Friday, October 29, 2010

I'm Alive

Sorry I should not have left the blog for so long, especially with such an angsty post as the last entry.

Everything is fine. I am COSing December 3. I have written a lot more blogs since June but I don't have them with me so can't post them now, but will do before I leave for good.

Things are not going well in Guinea right now, for those of you concerned about it. Ethnic violence and a whispered threat of an impending civil war. Not good. But Mali is doing just fine.

Sunday, July 18, 2010

Something Funny

So here’s a little tidbit that I found giggle-worthy today that I thought I’d share.

It was after six and I was sitting out reading my second Anne Rice book (“The Vampire Lestat” – not terribly good) watching dinner be prepared. This one big white cow came wandering into the compound because this is about the time the cows come rolling home, usually chased by the teenage boy and several kids. This one had just come in ahead of the others.

So she beelines for the mortars, pots and buckets, sticking her face in each and licking with her big cow tongue (which you can actually hear, the tongue is so strong and rough). Abi (my second mom) is running around making dinner, very busy, and kept having to shooing her off, waving buckets at her, hitting her with a stick, generally making the motion of “clear off!” with her hands, in between stirring the pot, moving this pot here and that pot there, putting away the sifter, walking into the cooking hut and back out, etc… The cow would go away a few paces and then come back.

So Abi is busy doing all this stuff for dinner and the cow comes back again so she finally just throws a bucket of water she has in her hands in its face. For some reason it was the funniest thing I ever saw. The cow shut its eyes and grimaced and turned away finally. And I just started laughing and couldn’t stop. I think maybe part of why I found it so funny is because a cow can’t wipe the water out of its eyes, it just has to blink a lot. Then Abi started laughing, then the grandma who was sitting next to me started laughing. And then the rest of the cows came rolling in and they all got shut away for the night.

The end.

…I guess you had to be there.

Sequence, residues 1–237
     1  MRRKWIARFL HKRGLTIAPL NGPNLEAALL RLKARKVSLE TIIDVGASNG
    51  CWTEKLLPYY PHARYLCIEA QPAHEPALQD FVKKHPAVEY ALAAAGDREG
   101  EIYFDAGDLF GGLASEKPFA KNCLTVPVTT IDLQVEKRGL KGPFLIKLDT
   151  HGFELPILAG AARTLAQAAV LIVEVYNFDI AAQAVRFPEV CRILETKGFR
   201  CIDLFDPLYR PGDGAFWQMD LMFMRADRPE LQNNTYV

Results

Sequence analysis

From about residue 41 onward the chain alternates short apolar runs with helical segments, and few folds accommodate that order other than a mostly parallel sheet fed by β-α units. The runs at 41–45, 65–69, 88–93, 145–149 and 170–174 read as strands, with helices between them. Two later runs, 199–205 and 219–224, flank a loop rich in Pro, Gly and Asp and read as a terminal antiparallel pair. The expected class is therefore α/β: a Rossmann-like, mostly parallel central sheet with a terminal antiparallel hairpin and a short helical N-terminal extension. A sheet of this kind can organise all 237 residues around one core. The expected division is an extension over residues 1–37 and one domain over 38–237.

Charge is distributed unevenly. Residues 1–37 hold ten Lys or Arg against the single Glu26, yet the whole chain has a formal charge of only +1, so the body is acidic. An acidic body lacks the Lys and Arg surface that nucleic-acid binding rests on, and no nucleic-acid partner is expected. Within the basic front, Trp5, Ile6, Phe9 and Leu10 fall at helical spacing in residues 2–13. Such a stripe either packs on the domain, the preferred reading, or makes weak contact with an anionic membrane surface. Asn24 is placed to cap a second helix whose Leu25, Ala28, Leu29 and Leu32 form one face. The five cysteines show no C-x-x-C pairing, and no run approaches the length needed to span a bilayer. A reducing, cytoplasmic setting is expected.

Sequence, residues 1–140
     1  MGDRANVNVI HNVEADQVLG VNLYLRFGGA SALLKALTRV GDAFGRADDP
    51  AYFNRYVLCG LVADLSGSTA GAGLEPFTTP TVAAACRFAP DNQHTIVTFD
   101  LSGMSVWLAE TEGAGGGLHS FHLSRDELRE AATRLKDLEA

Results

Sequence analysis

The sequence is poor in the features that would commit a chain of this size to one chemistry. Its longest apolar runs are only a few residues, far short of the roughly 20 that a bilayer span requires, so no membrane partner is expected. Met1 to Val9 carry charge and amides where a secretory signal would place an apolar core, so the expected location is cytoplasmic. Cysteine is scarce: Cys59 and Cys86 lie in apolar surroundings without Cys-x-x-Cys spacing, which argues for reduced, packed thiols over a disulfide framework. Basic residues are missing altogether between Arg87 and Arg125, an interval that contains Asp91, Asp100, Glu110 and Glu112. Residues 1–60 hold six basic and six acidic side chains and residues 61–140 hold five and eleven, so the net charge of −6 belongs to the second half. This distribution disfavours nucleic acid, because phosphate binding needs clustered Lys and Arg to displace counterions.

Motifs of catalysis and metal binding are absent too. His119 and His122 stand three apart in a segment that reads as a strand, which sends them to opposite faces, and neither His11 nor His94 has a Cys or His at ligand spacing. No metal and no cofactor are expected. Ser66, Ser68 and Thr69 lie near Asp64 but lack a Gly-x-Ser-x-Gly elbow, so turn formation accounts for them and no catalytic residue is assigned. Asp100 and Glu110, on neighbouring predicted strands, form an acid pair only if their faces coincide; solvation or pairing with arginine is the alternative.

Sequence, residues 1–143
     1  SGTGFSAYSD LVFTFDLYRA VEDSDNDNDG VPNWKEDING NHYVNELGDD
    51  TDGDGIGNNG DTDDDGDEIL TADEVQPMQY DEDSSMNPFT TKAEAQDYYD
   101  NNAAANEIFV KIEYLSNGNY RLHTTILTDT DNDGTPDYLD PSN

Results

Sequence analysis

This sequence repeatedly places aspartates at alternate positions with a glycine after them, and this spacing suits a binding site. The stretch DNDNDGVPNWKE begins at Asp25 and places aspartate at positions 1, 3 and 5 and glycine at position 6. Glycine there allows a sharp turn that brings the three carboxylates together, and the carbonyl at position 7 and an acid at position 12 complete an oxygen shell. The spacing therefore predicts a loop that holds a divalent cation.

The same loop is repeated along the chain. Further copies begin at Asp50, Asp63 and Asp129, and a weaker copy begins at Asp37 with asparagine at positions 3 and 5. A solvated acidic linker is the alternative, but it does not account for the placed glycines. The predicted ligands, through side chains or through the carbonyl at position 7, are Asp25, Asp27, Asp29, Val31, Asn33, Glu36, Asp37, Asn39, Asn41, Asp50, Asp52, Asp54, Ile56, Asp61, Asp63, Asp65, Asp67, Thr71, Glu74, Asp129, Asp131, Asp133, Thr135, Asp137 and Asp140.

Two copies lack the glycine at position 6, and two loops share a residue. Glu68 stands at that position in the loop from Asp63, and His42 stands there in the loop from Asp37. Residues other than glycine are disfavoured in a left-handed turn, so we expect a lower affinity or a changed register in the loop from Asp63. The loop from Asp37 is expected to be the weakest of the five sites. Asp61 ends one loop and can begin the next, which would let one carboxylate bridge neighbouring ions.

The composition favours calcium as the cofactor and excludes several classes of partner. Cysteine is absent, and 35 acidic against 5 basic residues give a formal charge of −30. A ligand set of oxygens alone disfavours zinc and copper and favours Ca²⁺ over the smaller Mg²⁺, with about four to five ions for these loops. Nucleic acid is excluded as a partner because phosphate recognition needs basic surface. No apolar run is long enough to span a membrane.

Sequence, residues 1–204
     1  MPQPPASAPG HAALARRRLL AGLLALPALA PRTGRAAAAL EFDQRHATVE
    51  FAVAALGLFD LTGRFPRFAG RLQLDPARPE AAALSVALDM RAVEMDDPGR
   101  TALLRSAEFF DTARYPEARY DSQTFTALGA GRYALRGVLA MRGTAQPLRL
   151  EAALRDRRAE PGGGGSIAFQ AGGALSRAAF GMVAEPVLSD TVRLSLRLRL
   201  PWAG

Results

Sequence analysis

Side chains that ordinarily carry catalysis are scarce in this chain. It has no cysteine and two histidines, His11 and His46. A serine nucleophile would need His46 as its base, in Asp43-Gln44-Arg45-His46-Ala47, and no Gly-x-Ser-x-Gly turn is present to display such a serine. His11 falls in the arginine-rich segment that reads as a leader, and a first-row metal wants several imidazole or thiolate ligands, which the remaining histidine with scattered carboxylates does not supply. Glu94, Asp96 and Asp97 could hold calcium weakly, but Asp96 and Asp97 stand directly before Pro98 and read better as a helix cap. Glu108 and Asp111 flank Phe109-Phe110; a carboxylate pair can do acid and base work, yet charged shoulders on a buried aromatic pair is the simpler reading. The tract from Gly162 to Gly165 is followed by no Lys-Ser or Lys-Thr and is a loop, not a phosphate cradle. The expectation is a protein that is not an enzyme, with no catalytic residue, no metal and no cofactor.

Tuesday, July 13, 2010

Bad With Good

So this morning I was so happy. My friend Ousmane from Guinea called and he said that Yogi is doing great and everybody in the village knows him and likes him and that I’ll not be forgotten in Santou as long as he is around. He also said that his wife Lundi is pregnant and going to give birth soon and that if it is a girl he is going to name her Dorian, after me.

I was so content! First of all that Yogi is not only still alive, but great (and fat, according to Ousmane), and then that I became aware that I had touched Ousmane’s life in my too short time in Guinea so much so that he would name his first born child after me. I mean, I had heard of that happening to volunteers but I didn’t think it ACTUALLY happened, or that it was really rare, and maybe it is, but nonetheless if it’s a girl her name will be mine! (if it’s a boy, Ousmane said, that will present somewhat of a problem).

So it renewed my desire to go back to Santou after COS and visit and maybe even try to take Yogi home with me (but that’s just going to have to be a whole lot of serendipity for it to happen). It also made me miss Guinea so much all over again and lament what I could have done there and the friendships I could really have cultivated, friendships impossible for me to find here due if nothing else to the language barrier.

Then I came back to site. And was informed that Puppy was hit by a car on Friday and died. Which brought back that awful day when our car ran over a dog and then I just sat there wondering if he suffered or if it was quick and just hoping it was quick and being glad to still have Doggie and Magellan (though I thought about how sad Magellan would be to have lost her friend).

Then, after getting all of Magellan’s stuff all set up (filling her litter box, cleaning her water and food bowls and filling with fresh water), I was informed that Magellan is also dead. W-T-F?!?!?! So in case you were keeping track, Mali has now managed to kill 4 of my pets in only nine months: Macguyver (cat), Shamu (chick), Puppy (dog) and Magellan (cat). Unless you also want to count my chickens Chester and Philip, whose deaths I consented to (they were sick) which would bring our grand total to six pets in nine months. Awesome.

I couldn’t understand how she died (they didn’t really say), only that she was found dead in Setu’s house. Or something or someone killed her there (or maybe Setu accidentally locked her in there when she went out of town) but at any rate that is where she died.